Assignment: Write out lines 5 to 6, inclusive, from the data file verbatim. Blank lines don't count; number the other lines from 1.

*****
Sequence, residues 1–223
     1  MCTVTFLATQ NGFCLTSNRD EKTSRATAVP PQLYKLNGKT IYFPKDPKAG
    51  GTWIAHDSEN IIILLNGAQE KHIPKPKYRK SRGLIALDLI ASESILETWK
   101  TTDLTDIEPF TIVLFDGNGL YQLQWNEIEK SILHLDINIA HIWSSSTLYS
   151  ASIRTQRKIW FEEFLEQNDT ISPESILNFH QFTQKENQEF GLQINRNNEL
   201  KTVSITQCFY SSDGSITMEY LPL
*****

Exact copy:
   151  ASIRTQRKIW FEEFLEQNDT ISPESILNFH QFTQKENQEF GLQINRNNEL
   201  KTVSITQCFY SSDGSITMEY LPL